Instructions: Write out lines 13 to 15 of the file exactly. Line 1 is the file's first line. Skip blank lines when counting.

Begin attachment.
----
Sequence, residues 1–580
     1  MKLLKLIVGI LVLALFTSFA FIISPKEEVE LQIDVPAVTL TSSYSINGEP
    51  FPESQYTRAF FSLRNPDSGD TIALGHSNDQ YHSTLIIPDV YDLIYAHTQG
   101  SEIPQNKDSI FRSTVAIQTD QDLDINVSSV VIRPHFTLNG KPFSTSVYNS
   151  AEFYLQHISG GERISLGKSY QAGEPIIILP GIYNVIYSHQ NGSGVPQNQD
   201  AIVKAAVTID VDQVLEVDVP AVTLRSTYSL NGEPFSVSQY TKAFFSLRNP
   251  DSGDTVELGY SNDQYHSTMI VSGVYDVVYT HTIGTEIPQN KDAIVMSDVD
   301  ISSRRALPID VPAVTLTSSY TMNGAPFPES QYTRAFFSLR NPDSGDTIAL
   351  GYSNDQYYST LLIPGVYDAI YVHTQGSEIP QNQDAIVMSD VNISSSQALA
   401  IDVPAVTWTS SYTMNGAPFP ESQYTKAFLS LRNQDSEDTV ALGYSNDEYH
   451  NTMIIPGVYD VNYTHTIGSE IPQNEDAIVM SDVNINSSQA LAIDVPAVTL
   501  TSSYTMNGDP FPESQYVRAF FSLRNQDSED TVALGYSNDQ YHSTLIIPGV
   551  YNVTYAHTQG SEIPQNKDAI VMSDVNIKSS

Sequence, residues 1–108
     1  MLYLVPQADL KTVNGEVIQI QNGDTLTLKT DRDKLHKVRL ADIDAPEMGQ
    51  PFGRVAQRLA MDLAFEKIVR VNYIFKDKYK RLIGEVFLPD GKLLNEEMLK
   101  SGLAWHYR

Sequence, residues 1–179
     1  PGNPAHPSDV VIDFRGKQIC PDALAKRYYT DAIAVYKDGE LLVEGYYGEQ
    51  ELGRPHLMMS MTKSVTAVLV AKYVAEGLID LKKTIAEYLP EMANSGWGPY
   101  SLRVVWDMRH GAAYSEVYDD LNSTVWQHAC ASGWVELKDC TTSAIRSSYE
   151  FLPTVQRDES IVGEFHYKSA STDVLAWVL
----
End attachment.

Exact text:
   551  YNVTYAHTQG SEIPQNKDAI VMSDVNIKSS

Sequence, residues 1–108
     1  MLYLVPQADL KTVNGEVIQI QNGDTLTLKT DRDKLHKVRL ADIDAPEMGQ